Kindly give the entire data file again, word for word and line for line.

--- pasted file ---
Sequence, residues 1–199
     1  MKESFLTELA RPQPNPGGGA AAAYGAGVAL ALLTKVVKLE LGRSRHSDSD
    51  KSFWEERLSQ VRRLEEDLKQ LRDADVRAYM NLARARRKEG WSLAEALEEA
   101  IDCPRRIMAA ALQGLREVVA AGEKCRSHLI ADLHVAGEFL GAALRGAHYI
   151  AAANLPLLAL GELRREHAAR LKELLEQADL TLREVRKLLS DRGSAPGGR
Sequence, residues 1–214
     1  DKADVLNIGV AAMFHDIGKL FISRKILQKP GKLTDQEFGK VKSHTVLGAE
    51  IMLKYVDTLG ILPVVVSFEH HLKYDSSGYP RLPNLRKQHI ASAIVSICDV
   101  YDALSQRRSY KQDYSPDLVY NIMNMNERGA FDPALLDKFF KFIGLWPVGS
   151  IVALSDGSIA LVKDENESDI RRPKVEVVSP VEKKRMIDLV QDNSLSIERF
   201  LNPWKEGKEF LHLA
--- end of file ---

Sequence, residues 1–199
     1  MKESFLTELA RPQPNPGGGA AAAYGAGVAL ALLTKVVKLE LGRSRHSDSD
    51  KSFWEERLSQ VRRLEEDLKQ LRDADVRAYM NLARARRKEG WSLAEALEEA
   101  IDCPRRIMAA ALQGLREVVA AGEKCRSHLI ADLHVAGEFL GAALRGAHYI
   151  AAANLPLLAL GELRREHAAR LKELLEQADL TLREVRKLLS DRGSAPGGR
Sequence, residues 1–214
     1  DKADVLNIGV AAMFHDIGKL FISRKILQKP GKLTDQEFGK VKSHTVLGAE
    51  IMLKYVDTLG ILPVVVSFEH HLKYDSSGYP RLPNLRKQHI ASAIVSICDV
   101  YDALSQRRSY KQDYSPDLVY NIMNMNERGA FDPALLDKFF KFIGLWPVGS
   151  IVALSDGSIA LVKDENESDI RRPKVEVVSP VEKKRMIDLV QDNSLSIERF
   201  LNPWKEGKEF LHLA